A growing number of clinical research studies suggest that LSG has a significant remission in T2DM in patients with BMI greater than or equal to 30 kg/m2; its remission rate is between 50 and 81% [14].

In our study, LSG resulted in a significant improvement for patients with T2DM. There was significant decrease of FBG after 6 months and after 12 months and significant decrease in gycated hemoglobin after 3, 6, and 12 months.

Our study results are maintained in accordance with the research results of Li Weijie et al. [23].

Many studies have shown improvement or resolution of hypertension following LSG [15], with up to 68% improvement or resolution of hypertension at 1-year follow up. Basso et al. [24] found that 62 out of 100 high-risk super obese patients with a mean BMI of 54.4 kg/m2 reported complete resolution of hypertension.

Regarding the short-term effects of LSG on hypertensive patients, many articles reported significant encouraging results. Samson et al. [16] concluded that LSG significantly reduced body weight, systolic blood pressure, and diastolic blood pressure as early as 1 month after the procedure in hypertensive morbidly obese patients. After 1 month, systolic blood pressure, and diastolic blood pressure did not decline further; they remained significantly lower than baseline levels despite a major reduction in antihypertensive therapy [16].

Xiaoqiang [17] observed that body weight and BMI were significantly reduced within a month after LSG, and the symptoms of hypertension were significantly improved within 10 days. A plateau of reduced blood pressure appeared at 1 month after the operation. At 1 year after operation, the systolic and diastolic pressures had decreased by 13 and 8 mmHg, respectively, although the reduction was small after the first month. These results suggest that there is a significant short-term effect on obese and hypertensive patients after surgical treatment, and decrease in blood pressure occurs before obtaining a significant loss of weight.

In our study, we observed a significant reduction in systolic and diastolic blood pressures 6 and 12 months after surgery, and this is agreed with the study performed by Grassi et al. [18], who found that at 12 months after operation, there was a reduction in mean systolic and diastolic pressures. These results suggest that there is a significant short-term effect on obesity and hypertension following surgical treatment. Moreover, there was greater reduction in systolic than diastolic blood pressure. For a long time, weight loss was considered as an effective treatment for hypertension, and bariatric surgery has become the most effective method.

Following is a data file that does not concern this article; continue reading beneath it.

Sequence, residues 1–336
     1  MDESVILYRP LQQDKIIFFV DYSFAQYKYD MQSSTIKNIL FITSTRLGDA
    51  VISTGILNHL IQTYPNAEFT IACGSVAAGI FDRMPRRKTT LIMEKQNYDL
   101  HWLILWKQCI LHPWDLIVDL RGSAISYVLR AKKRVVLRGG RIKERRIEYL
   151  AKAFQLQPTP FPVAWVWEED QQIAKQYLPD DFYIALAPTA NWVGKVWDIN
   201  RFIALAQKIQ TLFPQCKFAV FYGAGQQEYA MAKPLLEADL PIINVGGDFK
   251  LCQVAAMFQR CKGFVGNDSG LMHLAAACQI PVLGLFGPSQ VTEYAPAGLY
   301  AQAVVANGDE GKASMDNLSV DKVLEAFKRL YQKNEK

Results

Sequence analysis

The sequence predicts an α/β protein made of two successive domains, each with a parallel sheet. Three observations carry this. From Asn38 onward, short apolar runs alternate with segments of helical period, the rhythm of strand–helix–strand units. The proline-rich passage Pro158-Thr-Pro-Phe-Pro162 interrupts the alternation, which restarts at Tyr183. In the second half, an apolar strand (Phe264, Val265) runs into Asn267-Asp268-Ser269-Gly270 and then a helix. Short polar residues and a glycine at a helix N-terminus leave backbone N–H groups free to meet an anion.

Dyslipidemia is a major risk factor for cardiovascular disease and the main cause of mortality worldwide. Obesity is frequently associated with dyslipidemia, and bariatric surgery is most effective treatment for obesity, with high rate of prevention and remission of comorbid condition after surgery including dyslipidemia [10]. With the development of bariatric and metabolic surgery, LSG is not confined to the treatment of obesity anymore and is applied to the treatment for T2DM and other obesity-associated diseases [19].

Overall, 80% of patients with obesity present with lipid abnormality and 15–20% of patients do not show classic metabolic lipid changes. Hyperlipidemia is widely recognized as a major co-morbidity in obese patients. So nowadays bariatric surgeries are increasingly focused on lipid profile in the drive to potentially reduce cardiovascular-related diseases [8].One of the main purposes of this study was to investigate further the effect of LSG on T2DM, hypertension, and hyperlipidemia. Our study shows that LSG resolved or improved lipid profile in most patients. After 12 months of surgery, significant changes in lipid profile included increased level of HDL and decreased levels of cholesterol, triglycerides (TG), and LDL.